Two interesting op-eds in The Post today about President-elect Trump and the Carrier deal. Here’s an excerpt from Steven Pearlstein’s op-ed defending the deal:
Now comes Donald Trump — in the public mind, a successful businessman — who as the new president, suddenly declares that the [norm of maximizing shareholder value, even when that means sending jobs off-shore] is no longer acceptable, and he intends to do whatever he can to shame and punish companies that abandon their workers. It’s one thing for a company to sustain a few days of bad headlines in the local newspaper when it decides to close a facility. It’s quite another when the president of the United States is not only willing, but from a political point eager, to make a federal case out of it. Suddenly, maximizing shareholder value no longer provides the political and social inoculation that it used to.
Unlike their patron saint, Adam Smith, modern day economists tend to ignore such shifts in social norms because they can’t quantify them in the same way they can quantify trade flows or technological innovation or changes in educational attainment. And if they can’t quantify something, they can’t include it in their complex mathematical models, or even the simpler mental models in their heads of how the economy operates. They assume that social norms change in response to economic fundamentals rather than the other way around.
Donald Trump understands better. He knows that he and his new commerce secretary will have to engage in a few more bouts of well-publicized arm twisting before the message finally sinks in in the C-Suite. He may even have to make an example of a runaway company by sending in the tax auditors or the OSHA inspectors or cancelling a big government contract. It won’t matter that, two years later, these highly publicized retaliations are thrown out by a federal judge somewhere. Most companies won’t want to risk such threats to their “brands.” They will find a way to conform to the new norm, somewhat comforted by the fact that their American competitors have been forced to do the same.
And here’s an excerpt from Lawrence Summers’ op-ed criticizing the deal:
I have always thought of American capitalism as dominantly rule and law based…. Even though we know of instances of corruption, abuse of power, favoritism and selective enforcement, we take this rules-based system for granted. But looking around the world today or back through American history, this model is hardly a norm. Many market economies operate what might be called ad hoc or deals-based capitalism …. This is the world of New York City under Tammany Hall, of Suharto’s Indonesia, and of Putin’s Russia.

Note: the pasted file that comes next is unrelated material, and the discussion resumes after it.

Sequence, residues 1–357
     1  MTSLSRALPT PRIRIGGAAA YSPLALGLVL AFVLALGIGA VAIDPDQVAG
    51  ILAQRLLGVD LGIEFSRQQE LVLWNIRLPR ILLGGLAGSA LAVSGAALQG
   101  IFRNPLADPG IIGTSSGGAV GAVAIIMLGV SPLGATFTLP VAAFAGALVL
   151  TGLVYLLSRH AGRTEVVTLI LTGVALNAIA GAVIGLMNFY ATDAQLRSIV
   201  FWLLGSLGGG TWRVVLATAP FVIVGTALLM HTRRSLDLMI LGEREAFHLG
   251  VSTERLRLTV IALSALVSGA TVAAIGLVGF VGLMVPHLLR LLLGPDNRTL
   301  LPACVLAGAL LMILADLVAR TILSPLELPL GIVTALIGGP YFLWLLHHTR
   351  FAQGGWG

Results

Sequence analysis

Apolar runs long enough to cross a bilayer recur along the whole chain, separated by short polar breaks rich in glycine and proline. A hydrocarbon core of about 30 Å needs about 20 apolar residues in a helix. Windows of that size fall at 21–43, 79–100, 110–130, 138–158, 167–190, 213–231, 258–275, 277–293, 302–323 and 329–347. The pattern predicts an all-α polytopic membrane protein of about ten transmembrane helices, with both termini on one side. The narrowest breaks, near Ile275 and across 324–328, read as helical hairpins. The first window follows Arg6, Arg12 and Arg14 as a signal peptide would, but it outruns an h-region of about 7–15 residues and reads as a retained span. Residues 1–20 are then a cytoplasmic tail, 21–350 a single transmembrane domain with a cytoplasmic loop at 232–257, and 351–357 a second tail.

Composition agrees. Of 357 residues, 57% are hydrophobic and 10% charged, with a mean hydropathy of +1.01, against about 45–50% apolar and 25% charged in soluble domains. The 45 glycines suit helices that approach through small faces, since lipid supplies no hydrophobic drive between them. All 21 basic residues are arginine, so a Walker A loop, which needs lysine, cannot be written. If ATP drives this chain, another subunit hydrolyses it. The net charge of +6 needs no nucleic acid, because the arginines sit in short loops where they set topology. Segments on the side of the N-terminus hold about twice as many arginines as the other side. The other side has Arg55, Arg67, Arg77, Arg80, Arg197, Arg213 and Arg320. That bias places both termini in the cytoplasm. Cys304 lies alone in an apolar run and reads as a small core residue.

Reliance on rules and law has enormous advantages. It greatly increases predictability and reduces uncertainty. It reduces expenditures on both guarding property and seeking to appropriate property. It promotes freedom because most of the people most of the time do not take political positions with a view to gaining commercial advantage. The advantages of the rule of law are so great that I would claim that there is no country more than 2/3 as rich as the United States that does not have a strong tradition of the rule of law-based capitalism. And I know of no country where the people are free where the rule of law does not largely govern market interactions.
What about Carrier? The president-elect of the United States decided in a purely ad hoc basis that he wanted Carrier to remain in Indiana. He deployed some combination of carrots and sticks at his disposal to lever Carrier into doing what he wanted. Implicitly or explicitly, there must have been sticks, as press accounts suggest that the tax benefits provided offset only a small part of the savings forgone by staying in Indiana. It is not hard to see from the point of view of United Technologies, the parent of Carrier, that for a company with more than $50 billion in revenue it’s surely worth $60 million to not be on the wrong side of a possibly vindictive president of the United States.
It seems to me what we have just witnessed is an act of ad hoc deal capitalism and, worse yet, its celebration as a model…. [O]nly a negligible sliver of the economy is involved, but there is huge symbolic value. A principle is being established: It is good for the president to try to figure out what people want and lean on companies to give it to them. Predictability and procedure are less important than getting the right result at the right time. Like Hong Kong, as mainland China increasingly imposes its will, we may have taken a first step toward a kind of reverse transition from rule of law capitalism to ad hoc deal-based capitalism.
This is not quite my field, and you should read the Pearlstein and Summers articles for yourself. But I’m inclined to favor the Summers view, and to be chilled by the Pearlstein defense of norm-setting by a president’s “sending in the tax auditors or the OSHA inspectors or cancelling a big government contract.”